Monday, 30 April 2012

1 May demonstrations

Here are posters for demonstrations being held today by two of my favourite political parties.

Friday, 27 April 2012

Morley Freecycle



I was contacted by one of the administrators of the Morley Freecycle network recently to ask if the English Democrats would be supporting them, and I am very happy to give a plug to this group here.

As he put it;

(Morley Freecycle) is a Morley-centric group affiliated to the worldwide Freecycle network with over 1180 members run at no cost, whatsoever to MTC (Morley Town Council) or members. It is green, reduces landfill, gives access to goods to those on low income and strengthens ties through mutual help.
Martin Lewis has published a good article about Freecycle (and the similar Freegle network) on the excellent moneysavingexpert.com website.

There really is no down-side to initiatives like this, and I would highly recommend that people sign up and get into the habit of using Freecycle.

Thursday, 26 April 2012

Morley South English Democrats leaflet

This is what we have been putting out in Morley South (click to enlarge). Also if you live in Morley South and would like a poster to display in your window please get in touch and we will drop one off for you.

Thursday, 19 April 2012

Flemish Republic No. 31 out now


I've just received the latest copy of the excellent Flemish Republic newsletter in the post today.

Read it online here.

Saturday, 14 April 2012

Morley South fun

Pictured: My good friends James Clayton and Debra Kent came across from the North West to help in Morley today.

I spent several hours today distributing my election leaflet in Morley South (I will post it on this blog over the next few days).

I had heard that the extreme-left were going to be in town distributing their hate material against me so I was interested to see if we would bump into any of the fellows during the day.

Sure enough, as I was leafleting up Peel Street I noticed a couple of leafleters coming down towards us.

"Are these the reds?" I mused, as I quickly and instinctively scanned them for the tell-tale signs that betray such people long before one sees the literature they are distributing.

The first thing I noticed was that the leafleter closest to me; a male, was sporting a rather incongruous combination of a hat and shades, wholly inappropriate for the prevailing weather conditions (it was gloomy and raining). I took this attire to be an attempt at a partial disguise, which I have found that reds are often fond of when in public.

There was nothing obviously freakish about him or his colleague (a female), though their demeanour was the second factor which betrayed their identity. They were simply too interested in getting a look at us and working out who we were. Reds often look sheepish and out-of-place when they are out leafleting in areas with a good patriotic voter base, and these two were no exception.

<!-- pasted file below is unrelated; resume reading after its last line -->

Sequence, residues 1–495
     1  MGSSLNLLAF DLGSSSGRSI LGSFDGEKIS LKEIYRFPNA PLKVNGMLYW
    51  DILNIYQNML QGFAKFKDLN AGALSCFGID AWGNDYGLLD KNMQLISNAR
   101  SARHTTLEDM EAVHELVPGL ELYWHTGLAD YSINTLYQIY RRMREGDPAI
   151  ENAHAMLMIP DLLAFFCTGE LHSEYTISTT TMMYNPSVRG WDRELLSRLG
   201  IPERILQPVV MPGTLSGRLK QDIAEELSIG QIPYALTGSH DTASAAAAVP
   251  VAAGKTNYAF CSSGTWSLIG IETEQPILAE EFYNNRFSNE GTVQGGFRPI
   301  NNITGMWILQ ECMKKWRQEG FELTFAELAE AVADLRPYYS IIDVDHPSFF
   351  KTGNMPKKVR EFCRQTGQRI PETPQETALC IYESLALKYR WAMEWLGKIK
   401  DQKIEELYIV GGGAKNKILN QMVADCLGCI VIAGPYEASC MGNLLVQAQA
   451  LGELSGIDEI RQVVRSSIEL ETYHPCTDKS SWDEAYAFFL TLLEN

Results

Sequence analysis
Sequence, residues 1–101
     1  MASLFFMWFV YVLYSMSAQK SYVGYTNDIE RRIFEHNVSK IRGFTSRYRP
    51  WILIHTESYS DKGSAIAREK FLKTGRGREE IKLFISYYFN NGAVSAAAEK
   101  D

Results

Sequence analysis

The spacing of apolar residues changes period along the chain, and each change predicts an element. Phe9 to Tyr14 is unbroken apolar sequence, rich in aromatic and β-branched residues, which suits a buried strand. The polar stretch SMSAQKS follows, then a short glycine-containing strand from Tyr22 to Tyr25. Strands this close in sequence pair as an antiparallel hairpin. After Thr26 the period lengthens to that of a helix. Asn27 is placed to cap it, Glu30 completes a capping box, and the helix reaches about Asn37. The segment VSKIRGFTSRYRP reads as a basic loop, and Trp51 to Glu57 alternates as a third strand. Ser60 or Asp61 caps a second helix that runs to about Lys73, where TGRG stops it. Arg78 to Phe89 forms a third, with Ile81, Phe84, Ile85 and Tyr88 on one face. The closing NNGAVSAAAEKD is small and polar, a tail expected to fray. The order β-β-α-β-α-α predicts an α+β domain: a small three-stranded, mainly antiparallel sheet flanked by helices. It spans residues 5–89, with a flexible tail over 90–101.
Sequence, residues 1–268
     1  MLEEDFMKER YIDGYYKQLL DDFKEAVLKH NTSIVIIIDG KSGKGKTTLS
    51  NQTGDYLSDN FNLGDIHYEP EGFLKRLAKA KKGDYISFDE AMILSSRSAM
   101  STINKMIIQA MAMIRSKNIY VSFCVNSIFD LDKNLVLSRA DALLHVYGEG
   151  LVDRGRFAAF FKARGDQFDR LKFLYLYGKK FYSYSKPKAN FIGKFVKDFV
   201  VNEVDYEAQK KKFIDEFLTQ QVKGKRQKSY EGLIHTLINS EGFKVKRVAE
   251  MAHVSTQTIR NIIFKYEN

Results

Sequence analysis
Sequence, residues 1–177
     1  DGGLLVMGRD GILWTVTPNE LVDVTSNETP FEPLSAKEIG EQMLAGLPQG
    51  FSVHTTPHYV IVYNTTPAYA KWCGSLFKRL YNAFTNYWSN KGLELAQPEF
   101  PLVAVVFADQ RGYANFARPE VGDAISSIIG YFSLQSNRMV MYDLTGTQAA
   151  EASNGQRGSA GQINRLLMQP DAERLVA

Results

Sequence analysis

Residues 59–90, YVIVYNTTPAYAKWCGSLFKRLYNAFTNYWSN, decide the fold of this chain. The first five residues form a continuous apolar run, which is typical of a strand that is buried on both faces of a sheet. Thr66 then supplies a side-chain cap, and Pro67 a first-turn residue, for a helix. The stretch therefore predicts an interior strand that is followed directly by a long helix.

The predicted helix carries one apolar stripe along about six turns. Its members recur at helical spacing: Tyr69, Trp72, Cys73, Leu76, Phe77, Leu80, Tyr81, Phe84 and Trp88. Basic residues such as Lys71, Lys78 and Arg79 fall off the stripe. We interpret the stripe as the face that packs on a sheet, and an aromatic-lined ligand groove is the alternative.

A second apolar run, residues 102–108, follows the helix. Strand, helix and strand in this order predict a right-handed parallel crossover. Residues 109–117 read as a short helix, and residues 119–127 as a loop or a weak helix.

People out delivering pizza menus or even leaflets for other parties (leafleters for other parties will be very used to seeing me out leafleting too) will not usually give other leafleters a second glance.

I found myself waiting at the end of one garden for the 'disguised' chap to exit the garden so that I could go and post my leaflet through, and the following exchange followed:

Me: "Morning." (Good old English civility beats Marxist brutishness everytime.)

'Disguised' Chap: "Are those Labour leaflets you are delivering?" ( I was trying to keep my leaflets dry by holding them under the bottom of my jacket. A small part of the mainly red leaflet must have been protruding.)

Me: "Not quite!"

'Disguised' Chap: "Hmm."
I have no idea if the 'hmm' signified reconition of who I was and the consequent silliness of his question or something else altogether.

We had a good chuckle about this afterwards and it reminded me of being in my first year of Leeds University and attending a meeting in the Student Union at which the extreme-left (they called themselves ANaL in those days; goodness that makes me sound old) were trying to get me expelled from the union and agitating for my fellow students to refuse to be taught alongside me.

I went along to the meeting and voted (I'm not telling you how I voted - that's secret) on the motion in question and the reds did not give me a second glance. They did not give me a second glance because they knew nothing at all about me, including what I looked like, though this did not stop them from trying to make my university life hell*.

They failed miserable, I hasten to add, and their motion failed on the day, but I was reminded of this episode today by the red who came to Morley to spread his hate about me despite clearly not knowing anything about me or even being able to recognise me in the street.

A good section of the ward was leafleted today so many thanks to those who turned up to help, including the reds, whose pathetic attempt at a smear leaflet will simply remind the people of Morley South that I am still very much about and standing in this election and that I am regarded as a threat by the extreme-left.

*At that meeting I was 'defended' by the Free Speech Society and a certain Mark Collett, with whom I would go on to be good friends, but the story of our campus-based red-bothering antics is one for another day.

Robin Tilbrook on Newsnight elected mayor debate

English Democrats chairman Robin Tilbrook took part in a Newsnight panel discussion last night on the subject of elected mayors.

The debate is well worth viewing in its entirety but if you are only interested in hearing Robin's comments then click forward to 12.11 and 25.08 and 30.36 minutes.

Check it out on BBC iPlayer here.

Friday, 13 April 2012

STOP VIOLENCE AGAINST WOMEN: BNP date rape scandal





















I have been away on holiday this week and am just in the process of catching up with some of the week's news.

I was sickened to learn of the antics of the BNP's lead GLA candidate, Steve Squires/Mendoza, as reported on Eddy Butler's blog.

Check out the BNP date rape story here.

Thursday, 5 April 2012

Record number of English Democrats candidates in Yorkshire














Here is a full list of our Yorkshire English Democrats candidates for the 2012 local elections.